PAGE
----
Want to quit your job? Feel like marching into your boss’ office and yelling “I quit,” and then picking up your possessions and walking right out the door?
Of course, you wouldn’t do that. Logic tells you that is a rude way to handle resigning.
So, what is the right way to behave when you want to leave your job?
Talk to Your Manager First
Don’t talk about your decision to resign to anyone else before you talk to the boss. Imagine how difficult it would make this transition if your manager heard this from someone else other than you. Be willing to work with him or her about the timing of your leaving, dependent upon the needs of the company.
Discuss how your departure will be communicated to the rest of the company at that time. There are a variety of scenarios. It can be announced at a meeting; you could be responsible for informing the key people in your organization. What about announcing it in an email?
It’s best not to let rumors, which can be exaggerated, start through the organization. So work out those details with your boss.
Two Weeks’ Notice
Two weeks is generally the norm. Anything else is inconsiderate.
But be willing to work with the organization and its needs unless you have a commitment to another company to which you need to adhere. Remember that the more responsibility you have and the higher you are in the organization will make it more difficult to replace you. In that case, you may need to train your replacement, so before making a commitment to another company, consider that a month’s notice might be more appropriate.
However, much more than that might be unwise. Once you’ve resigned, everyone else will consider you a “short-timer” and will potentially exclude you from team meetings, which will make it more difficult for you to function effectively.
Once you’ve resigned, it won’t be long before your other team members know where you’ve landed. You will want to maintain the relationships you’ve built.
Networking and relationships are the key to success in business. So, while you don’t have to tell everyone where you are going and what you will be doing, if you do, it will be easier to keep those relationships.
Be straight with everyone. Don’t create different “versions” of your reasons for leaving, i.e. “I hate this place and can’t wait to leave” as opposed to “I got an offer from another company that I couldn’t resist.” This will only create gossip and leave a bad impression.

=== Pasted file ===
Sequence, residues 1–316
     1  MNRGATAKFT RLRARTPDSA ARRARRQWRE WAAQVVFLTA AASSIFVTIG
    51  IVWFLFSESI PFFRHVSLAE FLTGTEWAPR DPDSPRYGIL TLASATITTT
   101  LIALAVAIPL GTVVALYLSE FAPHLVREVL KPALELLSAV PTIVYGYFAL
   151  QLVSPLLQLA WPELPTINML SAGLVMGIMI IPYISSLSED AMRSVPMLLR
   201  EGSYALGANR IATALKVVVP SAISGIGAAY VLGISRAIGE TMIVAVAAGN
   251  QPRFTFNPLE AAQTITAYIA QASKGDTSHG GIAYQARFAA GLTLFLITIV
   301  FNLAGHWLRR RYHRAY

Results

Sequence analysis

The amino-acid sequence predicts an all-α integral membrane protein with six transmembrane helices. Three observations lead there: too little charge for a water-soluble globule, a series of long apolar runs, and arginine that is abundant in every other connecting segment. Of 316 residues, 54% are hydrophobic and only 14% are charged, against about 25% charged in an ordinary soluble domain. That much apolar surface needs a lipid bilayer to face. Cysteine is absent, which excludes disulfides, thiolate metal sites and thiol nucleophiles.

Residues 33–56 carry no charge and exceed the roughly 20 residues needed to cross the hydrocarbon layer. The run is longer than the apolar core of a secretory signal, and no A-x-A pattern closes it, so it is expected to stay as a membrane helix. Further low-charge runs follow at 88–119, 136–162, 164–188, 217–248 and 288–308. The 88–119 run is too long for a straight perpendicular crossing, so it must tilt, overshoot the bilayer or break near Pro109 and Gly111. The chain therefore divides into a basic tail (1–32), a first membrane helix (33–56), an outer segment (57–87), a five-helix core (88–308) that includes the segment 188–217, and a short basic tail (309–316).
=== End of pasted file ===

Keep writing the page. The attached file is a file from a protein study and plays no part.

Leave a Positive, Lasting Impression
No matter why you’ve decided to leave the company, it is important not to neglect how your leaving will affect your company. Your final responsibility is to work with your boss for direction and management of how you should bring your work load to a close.
Don’t leave any loose ends. You want your former employer, managers and coworkers to have a positive impression of you. That means being an ultimate professional to the very end.
Remember that even if you are thrilled to be leaving, you had experiences from which you learned and which will add to your area of expertise. So, be grateful. Be appreciative. Consider writing notes of gratitude to your boss and team members. Even if your manager or those who reported directly to you act as if you have betrayed them, soldier through it. Try to change their minds. Be gracious. This will add to the positive image you leave with them.
You might want to unload and give your opinion of everything that is wrong with the company. You know, things you wished you would have said when you were an employee.
But there’s danger there. You are never guaranteed anonymity, and unfortunately, it won’t change the nature of the organization.
Try to be positive about the people in the organization. If you had good experiences, say so. If you have constructive criticism (no venting), then offer it in a professional and encouraging manner.
Leave the Past Behind
After leaving your former job, never badmouth the company or any of its employees.
If people ask why you left your previous job, just tell them it was not a great fit. Making disparaging remarks about a former employer or co-workers in a job interview will only convince future employers that you will do the same to them.
Whatever your grievances, even if they are deserved, don’t go there with others in the future. Remain professional, and that is how others will see you. Anything else won’t win you any influence.
Keys to Remember
» Give at least two weeks’ notice and offer to work longer to create a smooth and orderly transition if your schedule allows.
» Work with your boss to figure out the best use of your remaining days and how to close out your responsibilities.
» Be grateful for what you learned at your job and openly express gratitude to colleagues.
» Don’t give different reasons to different people — stick to one story about why you’re leaving.
» Don’t be dishonest about your next move — everyone will find out soon enough.
» Don’t vent or be emotional in the exit interview. Stay positive.
» Don’t bad mouth your former company or any of its employees.
Video Advice on Quitting Your Job
(Workopolis Careers Channel video)
— John Daly is the founder and president of The Key Class, the go-to guide for job search success. Click here to learn more about The Key Class or to get his book. If you have questions about business or social etiquette, just ask John at email@example.com. Connect with The Key Class on Facebook. Follow John Daly on Twitter: @johndalyjr. Click here for previous columns. The opinions expressed are his own.